Groaning and Healing

How difficult will your healing be? Will it cause Jesus to groan?

Today’s Gospel is best understood in light of the First Reading from Genesis, in which we hear how the serpent tempted the woman, Adam and Eve ate of the forbidden fruit and then hid from God in shame. What does this Original Sin have to do with Jesus healing the deaf man of the Decapolis to the astonishment of those who witnessed it?

The cure worked by Jesus impels the people to say, “He has done all things well. He makes the deaf hear and mute speak.” These words echo Isaiah’s prophecy of the blessings the Messiah would bring to the people (Is 35:4-6, Wis 10:21). It is clear that Jesus is announcing and enacting the long-awaited Good News, the Good News first announced to Adam and Eve after the Fall. Jesus IS the Savior who will set things right again and usher in a new creation.

This work of re-creation and salvation begins when Jesus is enfleshed in Mary’s womb, and his humanity participates in a personal way in the miracles he performs. He speaks to the crowds, but he heals people one-on-one: he talks to them, touches them, uses his own spittle to touch their tongues or their eyes… His attention to each one of us is very personal. In this particular instance, Jesus could have cured the man from a distance with a word, but he chose to illustrate the personal nature of his attention to each of us and his own personal nature by taking the man aside, touching the broken parts of his body, and praying aloud for his healing.

As he works this healing, Jesus groans. This is certainly not because this task was difficult for him! Perhaps it was to show us the difficulty of healing of those who are spiritually deaf and dumb due to the effects of sin. Sin closes us off spiritually from God, from each other, and from our true selves, in much the same way that dumbness and deafness (and blindness) make interacting difficult on a physical level. But Jesus comes to save us and longs to heal us so that we can live in true union with God and with each other, and become our best selves, the selves we are created to be.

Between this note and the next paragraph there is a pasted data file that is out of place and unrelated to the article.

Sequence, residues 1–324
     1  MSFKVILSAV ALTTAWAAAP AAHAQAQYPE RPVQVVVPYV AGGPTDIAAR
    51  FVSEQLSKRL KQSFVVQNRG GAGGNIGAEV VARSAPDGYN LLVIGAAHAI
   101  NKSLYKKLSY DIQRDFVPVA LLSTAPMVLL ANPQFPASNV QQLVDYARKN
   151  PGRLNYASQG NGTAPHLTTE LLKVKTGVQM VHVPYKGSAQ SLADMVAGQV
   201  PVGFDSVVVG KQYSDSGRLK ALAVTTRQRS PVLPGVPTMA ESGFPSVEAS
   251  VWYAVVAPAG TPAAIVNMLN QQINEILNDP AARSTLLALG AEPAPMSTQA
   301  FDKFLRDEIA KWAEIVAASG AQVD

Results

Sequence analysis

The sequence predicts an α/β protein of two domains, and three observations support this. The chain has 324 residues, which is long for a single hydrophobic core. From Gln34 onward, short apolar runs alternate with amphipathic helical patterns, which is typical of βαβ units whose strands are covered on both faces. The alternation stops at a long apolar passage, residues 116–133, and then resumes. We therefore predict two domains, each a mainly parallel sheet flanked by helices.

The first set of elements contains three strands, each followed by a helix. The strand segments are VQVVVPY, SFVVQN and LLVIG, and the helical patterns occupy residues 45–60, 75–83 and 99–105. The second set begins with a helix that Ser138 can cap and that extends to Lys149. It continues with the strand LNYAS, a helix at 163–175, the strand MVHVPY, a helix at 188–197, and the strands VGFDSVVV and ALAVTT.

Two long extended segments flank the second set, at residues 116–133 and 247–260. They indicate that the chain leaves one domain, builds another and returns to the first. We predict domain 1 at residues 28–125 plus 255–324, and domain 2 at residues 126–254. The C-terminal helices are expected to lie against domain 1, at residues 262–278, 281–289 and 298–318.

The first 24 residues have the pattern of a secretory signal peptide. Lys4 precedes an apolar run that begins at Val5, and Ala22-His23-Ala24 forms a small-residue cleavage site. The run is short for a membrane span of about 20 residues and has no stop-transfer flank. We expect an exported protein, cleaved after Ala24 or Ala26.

What is the condition for this healing? We must surrender to it, give God permission and opportunity to work on us and in us at prayer and work with grace to conform our wills to His glorious will for us. When we do this, as Pope Benedict XVI said, “we losing nothing, nothing, absolutely nothing of what makes life free, beautiful and great… (Jesus) takes nothing away, and he gives you everything.”

Kathryn Mulderink, MA, is married to Robert, Station Manager for Holy Family Radio. Together they have seven children (including Deacon Rob and seminarian Luke ;-), and two grandchildren. She is a Secular Discalced Carmelite and has published five books and many articles. Over the last 25 years, she has worked as a teacher, headmistress, catechist, Pastoral Associate, and DRE. Currently, she serves the Church as a writer and voice talent for Catholic Radio, by publishing and speaking, and by collaborating with the diocesan Office of Catechesis, various parishes, and other ministries to lead others to encounter Christ and engage their faith. Her website is